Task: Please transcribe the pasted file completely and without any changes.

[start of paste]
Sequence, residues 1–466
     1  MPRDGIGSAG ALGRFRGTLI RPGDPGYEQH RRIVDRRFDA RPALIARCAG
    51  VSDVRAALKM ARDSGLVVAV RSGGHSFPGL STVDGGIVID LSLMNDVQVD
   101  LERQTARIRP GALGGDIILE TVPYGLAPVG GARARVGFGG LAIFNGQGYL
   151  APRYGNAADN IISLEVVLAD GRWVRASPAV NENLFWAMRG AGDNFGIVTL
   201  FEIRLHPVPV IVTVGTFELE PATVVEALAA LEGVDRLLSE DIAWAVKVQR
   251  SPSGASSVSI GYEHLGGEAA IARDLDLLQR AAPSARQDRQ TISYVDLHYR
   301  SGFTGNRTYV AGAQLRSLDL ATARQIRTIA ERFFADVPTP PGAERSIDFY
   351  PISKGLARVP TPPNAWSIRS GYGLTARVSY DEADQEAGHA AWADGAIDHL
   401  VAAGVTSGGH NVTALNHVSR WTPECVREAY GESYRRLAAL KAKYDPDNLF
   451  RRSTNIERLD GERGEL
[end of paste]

Sequence, residues 1–466
     1  MPRDGIGSAG ALGRFRGTLI RPGDPGYEQH RRIVDRRFDA RPALIARCAG
    51  VSDVRAALKM ARDSGLVVAV RSGGHSFPGL STVDGGIVID LSLMNDVQVD
   101  LERQTARIRP GALGGDIILE TVPYGLAPVG GARARVGFGG LAIFNGQGYL
   151  APRYGNAADN IISLEVVLAD GRWVRASPAV NENLFWAMRG AGDNFGIVTL
   201  FEIRLHPVPV IVTVGTFELE PATVVEALAA LEGVDRLLSE DIAWAVKVQR
   251  SPSGASSVSI GYEHLGGEAA IARDLDLLQR AAPSARQDRQ TISYVDLHYR
   301  SGFTGNRTYV AGAQLRSLDL ATARQIRTIA ERFFADVPTP PGAERSIDFY
   351  PISKGLARVP TPPNAWSIRS GYGLTARVSY DEADQEAGHA AWADGAIDHL
   401  VAAGVTSGGH NVTALNHVSR WTPECVREAY GESYRRLAAL KAKYDPDNLF
   451  RRSTNIERLD GERGEL